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Shop with a cop to bring Christmas to youth in need

CROWD: Last year's Shop with a Cop turnout smiles for a photo. Officers and the families meet in the Lawn and Garden center of Walmart to get the evening started.

BY HEATHER COX - hcox@h-ponline.com

The annual “Shop with a Cop” is just around the corner, giving the community a chance to participate in giving this Christmas season.

For more than a decade, Huntington County Sheriff Department, Huntington Police Department, every town police department, Indiana State Police and conservation officers have come together to help shop with kids for their Christmas presents. This year the event will take place on Dec. 18.

Sheriff Terry Stoffel explained that they reach out to elementary school counselors in the community to identify children who may not be able to receive gifts for Christmas due to a medical issue, a parent’s loss of a job or other struggles.

Once the counselors identify the needs within the schools, they then give the Sheriff’s Department the names. Stoffel said he then either calls the family or pays a visit to their house to let them know – and he’s never been turned down.

“There’s two or three prongs that go into this: one, we get to help the family out and take care of their needs and make the kids feel good about Christmas. Number two, we try to bridge the gap between the police department and the child, the children,” Stoffel explained.

He added that when they first started doing this event, they took care of six kids and felt pretty good about the accomplishment. Last year, they were able to provide for 48 kids, spending around $120 for each kid.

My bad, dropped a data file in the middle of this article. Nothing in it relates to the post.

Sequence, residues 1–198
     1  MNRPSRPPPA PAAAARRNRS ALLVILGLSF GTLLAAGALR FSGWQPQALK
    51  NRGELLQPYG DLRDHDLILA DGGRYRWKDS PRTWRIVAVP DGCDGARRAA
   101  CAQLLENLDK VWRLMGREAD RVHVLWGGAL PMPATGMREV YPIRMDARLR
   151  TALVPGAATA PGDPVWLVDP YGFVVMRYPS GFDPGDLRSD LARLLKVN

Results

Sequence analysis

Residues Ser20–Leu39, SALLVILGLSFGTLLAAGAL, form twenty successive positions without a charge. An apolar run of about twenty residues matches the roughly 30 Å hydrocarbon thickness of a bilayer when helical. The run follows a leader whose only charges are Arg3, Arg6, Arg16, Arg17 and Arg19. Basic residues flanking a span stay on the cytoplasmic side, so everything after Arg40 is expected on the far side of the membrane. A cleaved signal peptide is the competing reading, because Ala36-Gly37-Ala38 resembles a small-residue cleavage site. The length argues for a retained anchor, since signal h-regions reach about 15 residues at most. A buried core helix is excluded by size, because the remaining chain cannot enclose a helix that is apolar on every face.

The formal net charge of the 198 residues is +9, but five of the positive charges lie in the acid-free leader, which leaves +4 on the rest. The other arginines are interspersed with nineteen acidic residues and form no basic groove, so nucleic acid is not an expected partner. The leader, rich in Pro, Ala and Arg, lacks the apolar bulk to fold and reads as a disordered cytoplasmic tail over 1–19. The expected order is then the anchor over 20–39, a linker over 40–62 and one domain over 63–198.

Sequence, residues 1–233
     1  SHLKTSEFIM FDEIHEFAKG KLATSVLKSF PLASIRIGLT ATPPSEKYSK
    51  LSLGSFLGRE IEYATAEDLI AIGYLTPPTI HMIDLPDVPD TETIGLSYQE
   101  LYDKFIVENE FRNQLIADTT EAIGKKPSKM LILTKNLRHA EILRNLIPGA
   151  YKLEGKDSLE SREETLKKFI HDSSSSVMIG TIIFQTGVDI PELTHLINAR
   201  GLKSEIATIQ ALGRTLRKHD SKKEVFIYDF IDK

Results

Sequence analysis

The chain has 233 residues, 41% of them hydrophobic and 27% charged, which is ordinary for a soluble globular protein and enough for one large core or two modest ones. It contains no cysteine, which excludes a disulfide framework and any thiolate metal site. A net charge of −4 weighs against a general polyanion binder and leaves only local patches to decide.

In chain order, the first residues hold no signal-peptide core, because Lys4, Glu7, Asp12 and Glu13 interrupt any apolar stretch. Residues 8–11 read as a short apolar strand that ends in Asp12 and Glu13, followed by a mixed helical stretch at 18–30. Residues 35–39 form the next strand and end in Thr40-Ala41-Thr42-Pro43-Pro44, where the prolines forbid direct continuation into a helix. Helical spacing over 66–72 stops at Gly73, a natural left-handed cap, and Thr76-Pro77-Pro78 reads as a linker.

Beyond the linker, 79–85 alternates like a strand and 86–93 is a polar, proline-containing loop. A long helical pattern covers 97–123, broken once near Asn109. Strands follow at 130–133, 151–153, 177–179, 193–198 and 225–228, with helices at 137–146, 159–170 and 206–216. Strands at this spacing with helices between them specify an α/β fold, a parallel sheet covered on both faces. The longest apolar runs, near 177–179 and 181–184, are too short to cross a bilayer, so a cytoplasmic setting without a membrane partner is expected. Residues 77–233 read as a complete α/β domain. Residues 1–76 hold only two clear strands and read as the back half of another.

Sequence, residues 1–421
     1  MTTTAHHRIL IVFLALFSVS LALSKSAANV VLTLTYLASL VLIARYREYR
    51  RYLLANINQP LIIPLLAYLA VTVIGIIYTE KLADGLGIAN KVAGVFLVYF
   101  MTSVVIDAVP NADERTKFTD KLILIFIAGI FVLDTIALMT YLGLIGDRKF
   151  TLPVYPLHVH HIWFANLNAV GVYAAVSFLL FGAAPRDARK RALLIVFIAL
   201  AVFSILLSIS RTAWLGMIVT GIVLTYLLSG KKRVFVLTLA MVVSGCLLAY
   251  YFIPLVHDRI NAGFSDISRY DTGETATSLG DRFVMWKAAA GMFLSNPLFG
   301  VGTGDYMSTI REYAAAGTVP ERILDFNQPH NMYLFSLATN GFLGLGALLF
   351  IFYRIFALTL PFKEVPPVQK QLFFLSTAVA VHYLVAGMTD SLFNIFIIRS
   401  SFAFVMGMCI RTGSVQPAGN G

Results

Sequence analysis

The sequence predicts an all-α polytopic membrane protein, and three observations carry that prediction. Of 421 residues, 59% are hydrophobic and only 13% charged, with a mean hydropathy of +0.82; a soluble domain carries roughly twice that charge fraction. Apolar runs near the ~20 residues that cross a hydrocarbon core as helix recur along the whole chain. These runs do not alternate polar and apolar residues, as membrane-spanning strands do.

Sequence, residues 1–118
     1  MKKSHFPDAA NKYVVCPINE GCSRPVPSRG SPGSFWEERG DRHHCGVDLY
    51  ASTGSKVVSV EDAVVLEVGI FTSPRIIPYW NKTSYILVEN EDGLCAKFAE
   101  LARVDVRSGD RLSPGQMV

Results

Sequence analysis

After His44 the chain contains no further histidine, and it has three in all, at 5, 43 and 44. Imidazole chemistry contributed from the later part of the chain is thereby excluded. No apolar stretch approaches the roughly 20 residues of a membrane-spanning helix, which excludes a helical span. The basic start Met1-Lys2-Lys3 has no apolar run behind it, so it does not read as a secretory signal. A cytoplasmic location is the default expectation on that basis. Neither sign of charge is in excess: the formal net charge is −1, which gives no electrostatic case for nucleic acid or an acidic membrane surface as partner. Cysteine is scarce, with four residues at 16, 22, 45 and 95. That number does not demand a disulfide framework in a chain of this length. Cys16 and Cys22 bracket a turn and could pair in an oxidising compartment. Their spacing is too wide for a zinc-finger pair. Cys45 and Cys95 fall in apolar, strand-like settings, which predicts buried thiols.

This year Stoffel was also able to secure a grant from Walmart for $2,500.

He said if anyone in the community is willing to donate money to the cause, they can either give it to any police officer or drop it off in the Sheriff’s Department. Checks should be written out to Walmart, as Stoffel said the officers want to keep their name out of it.

 “If anybody wants to help, we welcome that and the more money we get, the bigger and more we can do,” Stoffel said.

Stoffel explained that half of the money is spent on staples such as boots, winter coats and clothes. For the second half of the money, the kids are able to pick out whatever they want.

Some kids are so excited that they’ll even go to Walmart the day before to have in mind what they want to pick out. Stoffel said as soon as they’re paired up with a cop, their eyes light up.

He said he has stories upon stories of what they’ve been able to provide for kids and how the kids went about picking out their gifts.

He went on to tell a story about a girl around 8-or-9-years-old who picked out a few small things but then started looking at candles and make-up. When questioned for her choices that were a bit out of age range, she explained that what she was looking at wasn’t for her.

“She said, ‘No. It’s not for me. It’s for my mom!’ She said, ‘If I don’t get this for my mom, my mom won’t get anything either,’” Stoffel recounted

He said there have been several instances similar to that girl and he’s seen officers cover the cost of a few presents for parents so children are able to pick out the full amount of money for themselves, or cover the remaining amount if the total goes a little over.

“They often just reach into their pockets and pay the extra or get their mom or their dad something because they won’t be getting something either,” Stoffel said. “So many neat things, it’s a really neat time of the year and I’m really blessed to have so many officers come out.”

Stoffel’s Criminal Justice class will also be helping out this year, as he wants them to see the importance of community pleasing and how kindness can reverberate and show what the cops are really about.

 Following the night of shopping, Stoffel said Walmart provides cookies, cupcakes and punch.